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|United States Patent
January 6, 1998
Cutting insert with chip control
A cutting insert for grooving operations with chip control features having
an insert body with peripheral walls, sides and first and second end walls
to define cutting edges within cutting edge regions and adapted for
mounting in a pocket of a toolholder assembly. A land extends rearwardly
from the end wall and defines a width. A descending wall initiates in the
land and terminates in a floor having a forward, a rearward and opposed
side edges. A back ramp extends upwardly from the floor rearward edge and
terminates at the respective peripheral wall to define a cavity. A pair of
projections extend longitudinally along the sides of the cavity to promote
chip control and intersect with diagonal side ramps rearward of the
cavity. The side ramps may be used to provide a chamfer on the edges of
the machined groove.
Alford; David B. (Wake Forest, NC)
Kennametal Inc. (Latrobe, PA)
April 20, 1995
|Current U.S. Class:
|407/114; 407/116; 407/117
|Field of Search:
U.S. Patent Documents
|Niebauer et al.
|Niebauer et al.
|Itaba et al.
|Foreign Patent Documents
Primary Examiner: Pitts; Andrea L.
Assistant Examiner: Tsai; Henry W.H.
Attorney, Agent or Firm: Prizzi; John J., Porcelli; James G.
What is claimed is:
1. A cutting insert with chip control features comprising an insert body
a) first and second generally parallel sides;
b) peripheral walls between and generally perpendicular to said sides with
at least one pair of adjacent peripheral walls forming an included angle
of 90 degrees or less with one another;
c) at least one cutting edge region, each region having a predetermined
width and located at a juncture of a pair of adjacent peripheral walls
forming an included angle of 90 degrees or less with each other, each
cutting edge region comprising
i) a cutting edge at the juncture of the pair of adjacent peripheral walls;
ii) a land extending rearwardly along one of the pair of adjacent
peripheral walls from the cutting edge and defining a width;
iii) a descending wall having a forward portion and opposed side portions,
initiating in the land and terminating in a floor having a forward, a
rearward and opposed side edges wherein said descending wall terminates at
said floor's forward and opposed side edges;
iv) a back ramp ascending from said floor rearward edge, intersecting said
descending wall opposed side portions and terminating at said land thereby
defining a cavity;
v) a pair of side ramps initiating at the land and extending up and back to
a peripheral wall, each side ramp further extending diagonally from the
cutting edge region to the outermost width of the insert body; and
vi) a pair of longitudinal projections protruding from the land and located
on each side of the cavity extending rearwardly to each of the side ramps;
wherein said insert body is adapted for mounting in a holder with one
cutting edge positioned in the holder for cutting operations.
FIELD OF THE INVENTION
The invention is directed to cutting inserts, especially metal cutting
inserts with chip control.
BACKGROUND OF THE INVENTION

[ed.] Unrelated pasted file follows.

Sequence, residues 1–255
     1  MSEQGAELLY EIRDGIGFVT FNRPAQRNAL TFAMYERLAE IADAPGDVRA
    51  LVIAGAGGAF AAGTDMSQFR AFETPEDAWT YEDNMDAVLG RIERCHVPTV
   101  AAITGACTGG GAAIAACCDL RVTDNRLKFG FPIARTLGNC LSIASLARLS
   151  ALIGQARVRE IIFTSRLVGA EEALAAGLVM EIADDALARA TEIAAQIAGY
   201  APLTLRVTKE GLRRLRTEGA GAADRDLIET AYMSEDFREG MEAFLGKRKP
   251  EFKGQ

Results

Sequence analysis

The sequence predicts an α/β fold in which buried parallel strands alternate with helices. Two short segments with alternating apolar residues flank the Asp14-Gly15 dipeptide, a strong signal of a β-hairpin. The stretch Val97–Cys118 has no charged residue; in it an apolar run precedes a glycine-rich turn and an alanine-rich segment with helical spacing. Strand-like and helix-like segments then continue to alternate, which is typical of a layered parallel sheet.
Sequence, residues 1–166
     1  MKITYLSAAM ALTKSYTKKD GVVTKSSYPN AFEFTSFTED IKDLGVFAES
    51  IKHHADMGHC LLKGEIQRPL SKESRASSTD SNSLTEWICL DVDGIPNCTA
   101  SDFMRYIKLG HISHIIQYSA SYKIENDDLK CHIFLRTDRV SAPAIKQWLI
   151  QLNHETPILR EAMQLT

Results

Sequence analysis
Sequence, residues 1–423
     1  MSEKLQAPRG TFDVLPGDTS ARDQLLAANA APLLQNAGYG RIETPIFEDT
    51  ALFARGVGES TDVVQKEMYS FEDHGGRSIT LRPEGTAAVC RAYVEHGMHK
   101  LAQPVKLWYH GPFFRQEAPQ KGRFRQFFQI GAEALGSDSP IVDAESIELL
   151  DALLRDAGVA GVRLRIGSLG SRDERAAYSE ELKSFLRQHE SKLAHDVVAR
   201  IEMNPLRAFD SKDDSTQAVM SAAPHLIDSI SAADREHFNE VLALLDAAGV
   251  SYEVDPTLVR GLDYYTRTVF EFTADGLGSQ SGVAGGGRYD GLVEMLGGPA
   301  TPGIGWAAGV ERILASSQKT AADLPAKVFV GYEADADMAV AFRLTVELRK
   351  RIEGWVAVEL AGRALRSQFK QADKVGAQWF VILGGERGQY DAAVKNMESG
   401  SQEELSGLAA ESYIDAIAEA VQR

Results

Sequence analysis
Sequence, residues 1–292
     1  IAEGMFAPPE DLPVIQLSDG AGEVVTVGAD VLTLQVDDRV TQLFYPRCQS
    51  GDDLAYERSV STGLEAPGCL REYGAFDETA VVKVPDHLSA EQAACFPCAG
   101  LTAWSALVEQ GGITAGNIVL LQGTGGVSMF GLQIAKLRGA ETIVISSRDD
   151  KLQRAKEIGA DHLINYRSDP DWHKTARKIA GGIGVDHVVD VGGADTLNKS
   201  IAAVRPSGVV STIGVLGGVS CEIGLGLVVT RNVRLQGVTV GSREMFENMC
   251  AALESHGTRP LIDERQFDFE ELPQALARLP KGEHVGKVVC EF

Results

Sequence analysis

Cutting inserts are well known and a large percentage of them are of the
throw away design. Such inserts are detachably clamped on a holder and
then are discarded when they become dull or chipped. Throw away inserts
are usually indexable so that an insert can be provided with at least two
cutting edges for selective presentation to the cutting position. An
indexable insert having multiple cutting edges is more economical because
when one edge has been used, the insert may simply be indexed to the next
usable edge. Such a feature is especially important when considering the
high cost of materials from which inserts are produced.
In general, inserts must be securely and accurately held in place within an
insert holder during the cutting operation. This is especially true when
the inserts are deployed with numerically controlled machines which depend
for accuracy upon an accurately located and firmly supported insert. When
the inserts are large enough, it is possible to secure the insert both
accurately and firmly within the pocket of a toolholder by providing the
insert with a central hole and the toolholder with a pin-type clamping
device. In other cases, such inserts may be held in place by a top clamp.
Examples of such holders are found in U.S. Pat. Nos. 3,754,309; 3,399,442
and 3,762,005 and British Patent Specification 1,363,542.
The main object of metal machining is the shaping of the new work surface.
Much attention is paid to the formation of the chip during the machining
process, even though the chip is a waste product, because the consumption
of energy occurs mainly in the formation and movement of the chip. Thus an
essential feature of any metalcutting operation is effective chip control.
A principal class of chips is the discontinuous chip which has the
practical advantage of being easily cleared from the cutting area. While
some metals and alloys generate discontinuous chips during cutting
operations, many do not. It is therefore very desirable to produce
discontinuous chips during a cutting operation, regardless of the
It has been a common practice to place a mechanical chip breaking member
between the insert and the clamp securing the insert to the tool in order
to provide at least a degree of chip control during the cutting operation.
In certain situations, this may be undesirable because of the difficulty
of clamping a shim, the insert and the chip breaking member together.
Because chip control is an important consideration in metal cutting
operations, it has been a long standing objective in the art of metal
cutting to develop improved chip breaking members for use with cutting
inserts. One example of a cutting insert with chip breaking capabilities
is the cut-grip inserts "GIP" available from ISCAR. The ISCAR insert has a